Every startup or product department in an organization is in a series of hypothesis about who is a customer, what will move the market, and what makes the product/service attractive to customers. The process of building on an idea starts from a problem, a need and/or gap in the market. Identifying a need or a problem worth solving and up to the point where users are willing to pay for it is quite a task to take on. Many times we have seen startups with brilliant ideas; many have even scaled beyond the startup phase but not yet profitable or tangible. Most startup ideas begin by identifying a need through their own experience. This becomes a valid single case but still lacking evidence for scale. So, if you have already identified the user needs through your own journey or pain points- That is only the beginning and a starting point. But how would you discover the need? The need that is worth funding and customers money. For many businesses, that need is the validation that there is a demand, a need to build an MVP (Minimum Viable Product) but you need some proof. Design Thinking is an innovation process to discover unmet needs and create new products and services. It is well suited as a method to help entrepreneurs build enough evidence and validate needs for their business concept. This is how you can do it with design thinking:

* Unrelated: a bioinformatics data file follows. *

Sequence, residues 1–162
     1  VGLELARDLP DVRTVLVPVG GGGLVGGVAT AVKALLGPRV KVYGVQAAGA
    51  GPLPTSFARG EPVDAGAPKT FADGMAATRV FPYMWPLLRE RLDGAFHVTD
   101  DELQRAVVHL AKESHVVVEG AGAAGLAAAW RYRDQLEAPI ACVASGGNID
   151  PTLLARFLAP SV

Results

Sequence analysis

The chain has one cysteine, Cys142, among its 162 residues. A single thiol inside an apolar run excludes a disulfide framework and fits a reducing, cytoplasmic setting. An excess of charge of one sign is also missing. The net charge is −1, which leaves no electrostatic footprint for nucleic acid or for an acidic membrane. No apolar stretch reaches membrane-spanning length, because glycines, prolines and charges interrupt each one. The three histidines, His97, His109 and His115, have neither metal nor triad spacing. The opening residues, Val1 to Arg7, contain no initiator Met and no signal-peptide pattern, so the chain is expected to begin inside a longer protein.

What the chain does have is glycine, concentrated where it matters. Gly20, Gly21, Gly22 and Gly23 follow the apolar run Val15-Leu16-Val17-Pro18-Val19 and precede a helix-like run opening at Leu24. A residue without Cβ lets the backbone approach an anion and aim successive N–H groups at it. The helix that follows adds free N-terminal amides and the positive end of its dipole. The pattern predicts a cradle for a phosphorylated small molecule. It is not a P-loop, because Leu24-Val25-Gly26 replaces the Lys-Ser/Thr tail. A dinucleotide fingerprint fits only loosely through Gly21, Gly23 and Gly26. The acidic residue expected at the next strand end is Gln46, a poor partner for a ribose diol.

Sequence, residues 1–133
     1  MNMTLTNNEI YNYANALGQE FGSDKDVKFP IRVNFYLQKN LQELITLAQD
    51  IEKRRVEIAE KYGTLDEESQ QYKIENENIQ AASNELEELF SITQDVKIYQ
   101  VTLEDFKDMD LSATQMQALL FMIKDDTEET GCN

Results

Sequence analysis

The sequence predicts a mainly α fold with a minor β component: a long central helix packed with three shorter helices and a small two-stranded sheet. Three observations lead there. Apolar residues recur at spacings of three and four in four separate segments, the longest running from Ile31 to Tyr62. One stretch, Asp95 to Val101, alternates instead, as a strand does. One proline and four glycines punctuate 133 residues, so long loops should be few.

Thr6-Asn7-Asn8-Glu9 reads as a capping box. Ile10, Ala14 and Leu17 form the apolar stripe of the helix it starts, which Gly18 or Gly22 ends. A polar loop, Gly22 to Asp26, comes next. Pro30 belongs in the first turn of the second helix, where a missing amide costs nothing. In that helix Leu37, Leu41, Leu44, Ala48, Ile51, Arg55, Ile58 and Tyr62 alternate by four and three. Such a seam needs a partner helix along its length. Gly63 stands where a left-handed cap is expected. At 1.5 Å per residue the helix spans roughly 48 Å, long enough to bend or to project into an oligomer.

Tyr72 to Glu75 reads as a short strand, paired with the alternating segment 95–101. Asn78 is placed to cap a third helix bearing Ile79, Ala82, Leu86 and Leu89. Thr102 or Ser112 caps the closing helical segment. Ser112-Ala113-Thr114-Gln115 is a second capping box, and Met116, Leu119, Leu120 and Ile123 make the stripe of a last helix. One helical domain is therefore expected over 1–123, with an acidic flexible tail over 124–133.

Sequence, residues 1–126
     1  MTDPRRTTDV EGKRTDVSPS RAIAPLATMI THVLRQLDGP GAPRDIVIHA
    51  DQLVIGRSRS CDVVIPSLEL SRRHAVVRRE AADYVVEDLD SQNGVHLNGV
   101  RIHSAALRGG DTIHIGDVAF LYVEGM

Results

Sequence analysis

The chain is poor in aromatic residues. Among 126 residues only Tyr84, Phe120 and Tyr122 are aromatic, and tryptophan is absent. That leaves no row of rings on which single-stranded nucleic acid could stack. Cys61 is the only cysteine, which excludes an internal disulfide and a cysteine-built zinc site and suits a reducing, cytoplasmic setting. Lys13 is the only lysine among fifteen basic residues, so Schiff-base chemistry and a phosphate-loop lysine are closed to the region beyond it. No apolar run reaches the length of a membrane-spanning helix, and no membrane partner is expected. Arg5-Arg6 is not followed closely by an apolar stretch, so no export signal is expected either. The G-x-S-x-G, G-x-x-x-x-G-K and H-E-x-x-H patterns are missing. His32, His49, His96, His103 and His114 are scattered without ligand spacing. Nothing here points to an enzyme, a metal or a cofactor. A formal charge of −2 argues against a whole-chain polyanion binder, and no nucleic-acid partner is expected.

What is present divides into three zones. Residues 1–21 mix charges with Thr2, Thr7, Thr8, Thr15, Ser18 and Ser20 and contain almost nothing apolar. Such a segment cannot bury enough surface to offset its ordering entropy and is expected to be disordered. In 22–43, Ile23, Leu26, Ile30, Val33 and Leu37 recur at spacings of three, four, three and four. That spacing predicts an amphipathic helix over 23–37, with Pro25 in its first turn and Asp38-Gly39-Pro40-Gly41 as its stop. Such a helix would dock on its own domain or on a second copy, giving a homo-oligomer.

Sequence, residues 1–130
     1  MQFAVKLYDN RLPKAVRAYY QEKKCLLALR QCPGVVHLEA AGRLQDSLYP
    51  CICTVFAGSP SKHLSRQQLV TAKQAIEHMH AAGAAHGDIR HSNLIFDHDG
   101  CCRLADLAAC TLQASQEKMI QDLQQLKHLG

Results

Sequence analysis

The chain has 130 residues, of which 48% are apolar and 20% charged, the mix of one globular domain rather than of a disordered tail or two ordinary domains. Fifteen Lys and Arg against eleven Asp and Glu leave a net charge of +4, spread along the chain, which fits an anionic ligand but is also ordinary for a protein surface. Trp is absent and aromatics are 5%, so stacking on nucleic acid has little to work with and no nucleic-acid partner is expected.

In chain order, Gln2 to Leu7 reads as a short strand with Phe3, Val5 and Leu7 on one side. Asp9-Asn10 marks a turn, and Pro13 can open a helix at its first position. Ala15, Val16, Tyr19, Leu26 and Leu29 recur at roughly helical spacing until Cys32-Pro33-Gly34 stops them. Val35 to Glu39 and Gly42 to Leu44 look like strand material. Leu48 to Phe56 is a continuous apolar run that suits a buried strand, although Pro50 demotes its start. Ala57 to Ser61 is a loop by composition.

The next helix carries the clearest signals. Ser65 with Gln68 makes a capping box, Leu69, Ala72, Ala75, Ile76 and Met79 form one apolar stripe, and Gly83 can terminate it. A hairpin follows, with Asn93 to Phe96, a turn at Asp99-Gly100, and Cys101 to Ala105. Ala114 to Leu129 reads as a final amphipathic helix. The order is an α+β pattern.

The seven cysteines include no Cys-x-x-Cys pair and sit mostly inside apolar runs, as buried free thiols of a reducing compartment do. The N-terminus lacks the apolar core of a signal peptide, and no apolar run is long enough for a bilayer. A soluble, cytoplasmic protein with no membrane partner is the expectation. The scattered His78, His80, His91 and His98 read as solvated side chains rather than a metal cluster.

Evidence: Gather evidence on the problem. This should be qualitative in the first instance. Use texts, audio, video, pictures to build a problem grid. Be as visual as possible. Go out and interview people; take pictures of situations, scenarios and people in their natural habitat. Many times, observing people’s behavior is all you need to identify a part of the problem worth giving attention to. Find an unusual audience, I call them ‘extreme users’. For example, if you want to build a money management service for working-class people. Talk to people that don’t use any form of money management. This could be traders, hawkers, unemployed. People that think using it is evil and then also talk to people that use that sort of service heavily. Find younger users and older users. Their story might be an inspiration for an authentic solution to money management. In the same vein, a food company will discover more opportunities by exploring the broader theme of healthy eating and lifestyles than by investigating the more narrow idea of consumption of products such as frozen food. You can use any format you like to store the data. Just make sure, it is visual, readable and handy. Categorize the data, for example, location, age, sex, occupation. This gives you a view of where to focus in the long run. Combine this with quantitative data, and you have an overview of the market size and value of potential customers. You can make your evidence readable and fun by organizing it as a story timeline based on a single customer, customer segment label or theme.